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Supporting Valley Philanthropy Since 1982 volume 28, No. 4
Special Features 6
TCF Grant Recipient: Teen Lifeline
Remembering … Courtney Denton
Charity Spotlight: Crossroads
2010 Heart Ball
Charity Spotlight: Board of Visitors
New York Fashion Week 2010
Charity Spotlight: Beaux Arts
47 Charity Spotlight: Veterans Medical Leadership Council Tableau Brian Hall and Paul Beyer with Chuck Munson
Dinner in the Stacks Mel and Thelda Williams
Phoenix Symphony Alexis and Michael Christie
Rendez-Zoo Minde and Brad Fawcett with Kaa the snake
48 Wedding Bells: Courtney Lyn Sierk and Brian Gaintner 49
Charity Spotlight: Brophy Fashion Show
Charity Spotlight: St. Vincent de Paul Breakfast
The Best of Everything: 9 special events
Beat the Heat 2010: Cocktail party
Beat the Heat 2010: Couture
Beat the Heat 2010: Trendsetters
Hospice of the Valley
House of Broadcasting
35 Phoenix Symphony Encore
Beat the Heat Cocktail Party S O C I E T Y | FA S H I O N | H O M E | D I N I N G | A RT Established in 1982
Heart Ball 2010 www.trendspublishing.com
On the Cover: Meet the executive committee of the Heart Ball 2010. From left, Vice-Chair Brenda Howard, Sweetheart Sandy Magruder, 2010 Heart Ball Chair Sarah Cheek, Vice-Chair Lynn Love and 2011 Heart Ball Chair Elect Julie Prusak. All gowns courtesy of Fashions by Robert Black. 480.664.7770, www.fashionbyrobertblack.com All fine jewelry courtesy of E.D. Marshall Jewelers. 480.922.1968, www.edmarshalljewelers.com Photographer: Scott Foust. 480.633.3740 Location: Paradise Valley estate of 2004 Heart Ball Chair Sandy Magruder
Dinner in the Stacks
Tableau, Ryan House
MONTHLY FEATURES 10
Artist Profile: Elias Rivera
On My Mind
15 La Dolce Vita 19
Auto Trends: The Mazda MX-5
Trends in Phoenix
Trends in Luxury
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T R E N D S C H A R I TA B L E F U N D
2009/2010 Trends Charitable Fund Grant Recipient Feature
TRENDS CHARITABLE FUND ing, Gracious Living Gracious Giv .
Teen Lifeline Teen Lifeline’s mission is to provide a safe, confidential and crucial crisis service where teens help teens make healthy decisions, together. Over the past 23 years, Teen Lifeline has refined its 3-pronged approach to prevention. First, a free, confidential peersupported Crisis Hotline 365 days a year. Second, we empower teens through Life Skills Development a program designed to arm 40 at-risk teens with the knowledge and skills to confidently help other teens as Peer Counselors on the Crisis Hotline. Third, we educate the community through extensive Community Outreach and Education programs. The Trends Charitable Fund supports Teen Lifeline’s Peer Counseling hotline. The hotline is a peer-supported crisis counseling program available to any teen at any time. For teens who may not seek help through traditional venues, the peer-to-peer Crisis Hotline is a first line of prevention and, for some, a last call for hope. Goods And Services Needed 3,000 sq. ft. donated facility in Central Phoenix; Digital Camera; General Office Supplies; Computers & Printers & Scanners; Large Laminator & Laminating Sheets; Door Bell Installation; Iced Tea Maker; Commercial Grade Vacuum; Portable GPS; Microwave; Flat Panel Monitors for Hotline (15); Coffee or Dining Table; Love Seat Sofa for Volunteers; Quarterly Carpet Cleaning; Marketing Services; Printing Services TRAINING SUPPLIES Books and Videos; DVD Video Camera, LCD Projector & Tripod; Purchase of Updated Videos Used At Training; Donated Breakfast for Weekend Trainings (25 people); Donated Lunch for Weekend Trainings (25 people); Copy Paper; Portable DVD Player TEEN PEER INCENTIVES & SUPPORT Food and Beverage; Snacks/Soda for Snack Machine; Light Rail Passes/Taxi Vouchers;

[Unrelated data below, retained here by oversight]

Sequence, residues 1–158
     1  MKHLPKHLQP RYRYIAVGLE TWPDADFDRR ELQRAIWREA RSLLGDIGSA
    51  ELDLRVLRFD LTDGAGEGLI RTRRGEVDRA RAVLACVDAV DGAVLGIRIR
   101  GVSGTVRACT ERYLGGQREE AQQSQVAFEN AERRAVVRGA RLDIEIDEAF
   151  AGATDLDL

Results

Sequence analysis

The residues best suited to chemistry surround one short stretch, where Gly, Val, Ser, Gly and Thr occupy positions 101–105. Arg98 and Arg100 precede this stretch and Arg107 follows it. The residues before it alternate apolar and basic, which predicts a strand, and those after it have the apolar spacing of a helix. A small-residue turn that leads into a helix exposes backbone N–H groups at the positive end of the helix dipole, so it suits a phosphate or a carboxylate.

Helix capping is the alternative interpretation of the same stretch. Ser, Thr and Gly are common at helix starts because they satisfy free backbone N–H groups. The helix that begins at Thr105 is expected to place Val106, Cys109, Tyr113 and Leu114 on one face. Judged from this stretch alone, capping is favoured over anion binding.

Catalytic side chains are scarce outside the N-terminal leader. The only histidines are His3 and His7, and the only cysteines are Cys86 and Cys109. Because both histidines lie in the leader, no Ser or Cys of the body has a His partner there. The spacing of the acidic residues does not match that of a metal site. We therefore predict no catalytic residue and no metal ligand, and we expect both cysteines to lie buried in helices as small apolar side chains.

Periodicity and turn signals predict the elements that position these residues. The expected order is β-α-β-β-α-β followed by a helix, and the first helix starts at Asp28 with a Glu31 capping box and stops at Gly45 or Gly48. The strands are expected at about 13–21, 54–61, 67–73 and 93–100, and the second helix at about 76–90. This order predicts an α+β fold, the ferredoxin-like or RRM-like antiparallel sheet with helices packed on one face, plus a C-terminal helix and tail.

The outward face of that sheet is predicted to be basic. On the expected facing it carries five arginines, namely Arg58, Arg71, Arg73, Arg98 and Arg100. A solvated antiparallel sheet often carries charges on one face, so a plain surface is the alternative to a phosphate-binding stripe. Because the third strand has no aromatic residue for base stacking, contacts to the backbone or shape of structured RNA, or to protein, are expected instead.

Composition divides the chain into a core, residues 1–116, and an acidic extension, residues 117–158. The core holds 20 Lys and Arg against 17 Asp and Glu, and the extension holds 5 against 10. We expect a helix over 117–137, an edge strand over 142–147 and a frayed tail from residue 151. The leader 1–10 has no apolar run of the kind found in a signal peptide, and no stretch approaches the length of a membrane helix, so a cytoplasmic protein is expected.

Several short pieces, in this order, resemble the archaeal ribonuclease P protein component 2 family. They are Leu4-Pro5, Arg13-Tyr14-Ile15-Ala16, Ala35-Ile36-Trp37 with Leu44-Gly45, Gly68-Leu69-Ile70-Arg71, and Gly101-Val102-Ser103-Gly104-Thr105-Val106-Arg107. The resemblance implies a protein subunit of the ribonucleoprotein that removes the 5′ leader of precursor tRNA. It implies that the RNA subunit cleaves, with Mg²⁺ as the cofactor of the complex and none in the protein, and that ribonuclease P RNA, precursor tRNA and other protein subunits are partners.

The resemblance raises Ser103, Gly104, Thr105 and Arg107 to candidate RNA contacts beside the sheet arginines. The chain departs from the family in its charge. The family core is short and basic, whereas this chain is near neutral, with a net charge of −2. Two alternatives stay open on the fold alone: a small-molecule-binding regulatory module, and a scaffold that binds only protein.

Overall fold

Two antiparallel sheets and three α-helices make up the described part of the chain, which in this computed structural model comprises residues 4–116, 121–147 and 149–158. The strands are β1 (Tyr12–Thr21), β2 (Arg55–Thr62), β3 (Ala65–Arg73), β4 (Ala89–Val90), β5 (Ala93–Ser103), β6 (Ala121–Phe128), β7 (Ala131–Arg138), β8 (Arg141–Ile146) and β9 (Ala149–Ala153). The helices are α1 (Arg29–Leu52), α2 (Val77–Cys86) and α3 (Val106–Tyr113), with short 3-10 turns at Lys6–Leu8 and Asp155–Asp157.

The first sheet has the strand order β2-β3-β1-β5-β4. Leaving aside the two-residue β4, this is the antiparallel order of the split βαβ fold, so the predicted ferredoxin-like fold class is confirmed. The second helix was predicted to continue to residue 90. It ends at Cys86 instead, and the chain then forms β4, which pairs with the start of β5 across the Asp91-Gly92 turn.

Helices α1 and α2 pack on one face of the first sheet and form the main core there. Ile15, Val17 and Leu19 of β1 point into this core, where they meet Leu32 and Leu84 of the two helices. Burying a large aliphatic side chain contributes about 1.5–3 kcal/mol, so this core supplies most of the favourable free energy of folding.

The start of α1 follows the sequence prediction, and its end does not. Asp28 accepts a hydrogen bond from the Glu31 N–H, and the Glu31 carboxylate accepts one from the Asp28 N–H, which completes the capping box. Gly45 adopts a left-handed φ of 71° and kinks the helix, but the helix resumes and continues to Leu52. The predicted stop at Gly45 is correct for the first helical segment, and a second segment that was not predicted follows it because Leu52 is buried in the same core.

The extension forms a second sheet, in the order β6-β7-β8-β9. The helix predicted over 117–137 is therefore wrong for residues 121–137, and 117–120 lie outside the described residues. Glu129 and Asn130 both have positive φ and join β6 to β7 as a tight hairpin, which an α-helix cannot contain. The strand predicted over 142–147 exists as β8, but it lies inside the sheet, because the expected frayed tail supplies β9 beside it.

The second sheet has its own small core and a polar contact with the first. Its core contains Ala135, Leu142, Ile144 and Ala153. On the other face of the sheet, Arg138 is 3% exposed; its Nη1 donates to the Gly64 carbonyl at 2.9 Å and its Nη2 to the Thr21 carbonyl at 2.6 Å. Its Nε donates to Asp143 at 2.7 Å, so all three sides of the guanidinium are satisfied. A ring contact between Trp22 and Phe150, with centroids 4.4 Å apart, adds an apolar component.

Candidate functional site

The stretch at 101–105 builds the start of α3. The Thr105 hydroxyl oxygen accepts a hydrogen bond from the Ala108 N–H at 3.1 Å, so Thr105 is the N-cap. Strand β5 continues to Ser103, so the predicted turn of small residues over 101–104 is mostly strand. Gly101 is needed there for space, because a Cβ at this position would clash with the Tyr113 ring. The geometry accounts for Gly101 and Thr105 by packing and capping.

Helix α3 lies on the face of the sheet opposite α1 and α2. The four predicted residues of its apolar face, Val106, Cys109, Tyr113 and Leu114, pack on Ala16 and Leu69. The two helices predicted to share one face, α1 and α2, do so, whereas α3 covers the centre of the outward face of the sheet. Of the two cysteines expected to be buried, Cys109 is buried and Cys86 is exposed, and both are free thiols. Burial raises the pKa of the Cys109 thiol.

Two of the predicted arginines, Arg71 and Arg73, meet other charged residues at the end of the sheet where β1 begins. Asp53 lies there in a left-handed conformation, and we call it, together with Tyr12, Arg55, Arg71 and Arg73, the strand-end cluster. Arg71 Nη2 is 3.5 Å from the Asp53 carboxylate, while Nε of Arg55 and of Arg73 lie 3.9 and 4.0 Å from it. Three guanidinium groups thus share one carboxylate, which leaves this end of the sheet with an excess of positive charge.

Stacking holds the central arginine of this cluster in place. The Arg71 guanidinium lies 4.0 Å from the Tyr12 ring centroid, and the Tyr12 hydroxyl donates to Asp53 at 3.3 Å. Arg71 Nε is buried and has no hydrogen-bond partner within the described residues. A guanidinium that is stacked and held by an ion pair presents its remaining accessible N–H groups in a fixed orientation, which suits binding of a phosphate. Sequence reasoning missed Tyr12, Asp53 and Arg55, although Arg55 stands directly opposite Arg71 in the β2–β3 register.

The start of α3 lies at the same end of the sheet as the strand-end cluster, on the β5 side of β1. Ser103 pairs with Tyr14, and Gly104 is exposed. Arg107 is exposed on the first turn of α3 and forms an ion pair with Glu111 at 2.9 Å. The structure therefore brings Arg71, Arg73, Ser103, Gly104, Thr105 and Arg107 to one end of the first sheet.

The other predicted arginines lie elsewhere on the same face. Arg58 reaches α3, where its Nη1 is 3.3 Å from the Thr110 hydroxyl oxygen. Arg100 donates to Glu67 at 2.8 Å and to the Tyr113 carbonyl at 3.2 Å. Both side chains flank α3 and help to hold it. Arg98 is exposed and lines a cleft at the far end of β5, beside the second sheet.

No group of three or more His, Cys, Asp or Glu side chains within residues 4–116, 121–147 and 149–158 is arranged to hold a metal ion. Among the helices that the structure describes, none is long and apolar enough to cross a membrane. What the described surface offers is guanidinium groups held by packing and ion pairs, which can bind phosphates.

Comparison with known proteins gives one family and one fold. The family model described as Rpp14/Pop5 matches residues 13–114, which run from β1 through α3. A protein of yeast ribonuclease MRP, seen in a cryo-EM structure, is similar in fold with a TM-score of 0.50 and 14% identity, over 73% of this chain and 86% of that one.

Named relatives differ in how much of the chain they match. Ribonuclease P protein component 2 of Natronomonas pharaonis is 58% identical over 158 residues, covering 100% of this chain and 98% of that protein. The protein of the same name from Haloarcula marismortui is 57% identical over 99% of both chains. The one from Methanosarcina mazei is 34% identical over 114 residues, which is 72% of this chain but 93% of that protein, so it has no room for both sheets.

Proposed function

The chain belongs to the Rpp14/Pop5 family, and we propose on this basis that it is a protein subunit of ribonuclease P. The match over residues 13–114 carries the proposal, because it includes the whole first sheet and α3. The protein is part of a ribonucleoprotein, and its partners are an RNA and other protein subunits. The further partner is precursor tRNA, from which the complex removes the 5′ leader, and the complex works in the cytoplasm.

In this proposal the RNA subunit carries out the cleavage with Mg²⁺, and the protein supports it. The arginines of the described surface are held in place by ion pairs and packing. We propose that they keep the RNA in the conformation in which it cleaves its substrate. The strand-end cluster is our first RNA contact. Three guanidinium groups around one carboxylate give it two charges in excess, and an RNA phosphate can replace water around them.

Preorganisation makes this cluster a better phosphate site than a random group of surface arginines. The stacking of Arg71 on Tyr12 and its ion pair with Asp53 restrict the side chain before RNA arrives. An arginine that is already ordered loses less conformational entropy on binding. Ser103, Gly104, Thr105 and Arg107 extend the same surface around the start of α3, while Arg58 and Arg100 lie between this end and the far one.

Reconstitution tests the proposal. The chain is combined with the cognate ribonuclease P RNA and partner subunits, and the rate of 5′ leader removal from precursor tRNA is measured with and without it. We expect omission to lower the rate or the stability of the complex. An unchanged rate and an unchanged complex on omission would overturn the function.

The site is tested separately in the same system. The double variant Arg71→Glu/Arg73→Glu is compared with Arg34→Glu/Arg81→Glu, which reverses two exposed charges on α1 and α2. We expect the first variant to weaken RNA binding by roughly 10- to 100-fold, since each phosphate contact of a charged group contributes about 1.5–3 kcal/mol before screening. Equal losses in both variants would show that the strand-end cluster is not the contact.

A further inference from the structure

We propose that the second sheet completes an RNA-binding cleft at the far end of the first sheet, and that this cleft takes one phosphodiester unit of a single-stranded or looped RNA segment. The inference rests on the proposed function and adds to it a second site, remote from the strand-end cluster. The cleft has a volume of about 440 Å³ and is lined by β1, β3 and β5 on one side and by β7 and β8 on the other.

Movie Passes; Age Appropriate Magazine Subscriptions; Gift Certificates SERVICES Information Technology Services and Support; Website Design & Support Services; Media and PR Services; Public Announcement/Advertisement Services EVENTS Silent & Live Auction Items; Travel Packages; Fine Dining Packages; Sports Events Tickets; Limousine Services; Golf Packages; Famous People Memorabilia & Collectibles Volunteer Opportunities – TEENS Life Skills Development program participants are at-risk teens ages 15 to 18 years old who are interested in helping other teens. The teens must successfully complete the 70 to 100+ hour training in order to serve as a Peer Counselor and answer calls from other troubled teens on the Crisis Hotline. Once they are a Peer Counselor, they must volunteer a minimum of 15 hours each month to the Hotline.
Volunteer Opportunities – ADULTS Fundraising: Help contact community residents and businesses to educate and inform them of the nature and importance of the Teen Lifeline’s fundraising activities. Host and/or serve on the third party fundraising committee who will put on 3 events annually. Time commitment: 3-5 hours per month. Golf Committee: Organize and market the spring golf outing to golfers and business sponsors. Time Commitment: 5-8 hours per month. Gala Committee: Serve as a member of the Gala committee, securing sponsorship, auction items, attendance and help in the set up of the big event. Commitment: 6-10 hours per month. Administration: Help in office, especially coordination of mailings. Time commitment: Flexible. For more information about Teen Lifeline as well as volunteer and donation opportunities, please visit www.teenlifeline.org or call Nikki Kontz at (602) 248-8337.
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R emembering SO C I E T Y | FA SHI O N | HO ME | D I NING | ART
Remembering ... Courtney Denton By Beth McRae